8:00 a.m. Thursday, September 29. The morning after Hurricane Ian ravaged the west coast of Florida where I live. I make my way through the dark interior of our small townhouse with the dim light of my phone that thankfully still has thirty percent charge left after a long day and night of texting with far off friends and family.
I pick up the damp kitchen towel resting on top of the rolled-up rug at the base of our front door. The empty silence is punctuated with intermittent gusts of rushing wind. Pulling back the rug, I push open our door against another brief squall and the pile of leaves plastered against the bottom. Sunlight and a blast of cool breeze streams into our home, refreshing after the humid, stale air and darkness of our interior. With no power, there is no air conditioner to keep homes temperate in the heat and humidity of our tropical environment.
Standing in the doorway, I survey the damage to my surroundings.
Leaves, palm fronds, and chunks of foot long bark from palm trees litter the ground and neighborhood cars. Trees are stripped of leaves on one side, still full on the other, evidence of the direction the wind blew with force. I’ve heard anywhere from 70 to 155 mile per hour winds. The towering palms stand like toothpicks waving limp lettuce pieces from one side. A tree across the street is missing a limb and another dangles a branch lodged in place over a neighbor’s car. Surprisingly, very little water remains in the street where only hours ago, the raging winds danced over the flooded areas creating miniature replicas of the stormy gulf.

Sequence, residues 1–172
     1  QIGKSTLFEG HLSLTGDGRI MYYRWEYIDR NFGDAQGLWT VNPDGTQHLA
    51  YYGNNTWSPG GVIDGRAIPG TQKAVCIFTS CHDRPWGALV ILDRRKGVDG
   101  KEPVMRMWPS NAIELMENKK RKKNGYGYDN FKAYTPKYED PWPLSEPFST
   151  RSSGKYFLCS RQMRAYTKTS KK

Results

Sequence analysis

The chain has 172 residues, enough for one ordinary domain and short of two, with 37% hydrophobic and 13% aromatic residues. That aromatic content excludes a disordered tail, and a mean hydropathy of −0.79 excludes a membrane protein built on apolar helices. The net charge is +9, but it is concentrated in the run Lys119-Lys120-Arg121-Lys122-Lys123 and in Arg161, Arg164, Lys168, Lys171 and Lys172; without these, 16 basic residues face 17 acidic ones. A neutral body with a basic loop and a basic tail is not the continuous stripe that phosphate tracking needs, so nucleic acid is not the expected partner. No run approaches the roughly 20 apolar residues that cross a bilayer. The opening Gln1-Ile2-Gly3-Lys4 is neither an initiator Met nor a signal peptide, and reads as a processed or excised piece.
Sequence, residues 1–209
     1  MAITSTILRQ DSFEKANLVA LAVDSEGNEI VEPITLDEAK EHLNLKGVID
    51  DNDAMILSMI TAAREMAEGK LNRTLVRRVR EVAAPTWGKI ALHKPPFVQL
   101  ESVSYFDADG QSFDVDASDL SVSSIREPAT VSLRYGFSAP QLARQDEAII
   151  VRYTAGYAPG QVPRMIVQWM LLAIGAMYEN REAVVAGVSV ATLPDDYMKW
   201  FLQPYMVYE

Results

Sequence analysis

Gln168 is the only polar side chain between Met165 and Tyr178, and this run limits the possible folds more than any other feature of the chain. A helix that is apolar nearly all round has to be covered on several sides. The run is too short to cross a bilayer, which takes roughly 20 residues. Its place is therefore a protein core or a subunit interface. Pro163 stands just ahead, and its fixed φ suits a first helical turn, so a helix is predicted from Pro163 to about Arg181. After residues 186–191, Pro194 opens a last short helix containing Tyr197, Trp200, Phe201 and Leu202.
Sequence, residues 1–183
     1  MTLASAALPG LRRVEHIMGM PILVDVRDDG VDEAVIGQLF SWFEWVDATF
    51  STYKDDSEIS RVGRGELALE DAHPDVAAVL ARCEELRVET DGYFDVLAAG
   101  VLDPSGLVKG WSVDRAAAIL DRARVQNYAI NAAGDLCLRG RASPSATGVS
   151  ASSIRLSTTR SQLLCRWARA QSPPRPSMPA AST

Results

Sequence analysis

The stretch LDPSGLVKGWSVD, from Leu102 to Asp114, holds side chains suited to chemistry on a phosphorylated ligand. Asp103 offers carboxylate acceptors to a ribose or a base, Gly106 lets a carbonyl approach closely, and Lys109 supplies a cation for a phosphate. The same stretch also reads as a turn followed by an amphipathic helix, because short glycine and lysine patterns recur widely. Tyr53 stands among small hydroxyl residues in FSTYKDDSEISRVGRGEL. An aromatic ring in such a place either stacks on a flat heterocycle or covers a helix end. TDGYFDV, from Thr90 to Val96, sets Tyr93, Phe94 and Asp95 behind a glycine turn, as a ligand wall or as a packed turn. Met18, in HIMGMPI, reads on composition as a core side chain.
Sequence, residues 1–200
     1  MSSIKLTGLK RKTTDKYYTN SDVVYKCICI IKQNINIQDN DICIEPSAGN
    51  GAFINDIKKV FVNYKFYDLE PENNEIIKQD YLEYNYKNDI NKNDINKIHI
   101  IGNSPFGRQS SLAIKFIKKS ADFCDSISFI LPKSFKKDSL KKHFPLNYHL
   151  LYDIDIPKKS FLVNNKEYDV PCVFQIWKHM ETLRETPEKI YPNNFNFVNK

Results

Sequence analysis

Most of what I see is better than I expected. After surviving Irma five years ago this month, and hearing the predictions in the past twenty-four hours, I thought we might fare worse. Later in the day, I would learn that some friends did far worse. Their home was destroyed and flooded with waist deep water, and their cars swept away by storm surge. Unbelievably heartbreaking, especially by comparison.
After taking in the scene around me, I noticed something I hadn’t expected. Down the street, an older man shoveling debris into a pile. A young couple walking a baby in their stroller. Two women chatting, another walking her dog.
My next-door neighbor popped out. “Good morning. How are you doing?” she asked. We exchanged descriptions of how we spent the very long night and what little news we heard of the damage. She informed me that part of the Sanibel bridge collapsed. We compared notes. No power. Check. Still have water for now. Check. She had no cell service, but I did. Another passing neighbor, overhearing our conversation, asked my provider and if she could use my phone to let her parents know that she was okay. “Of course!” Isn’t that what neighbors do?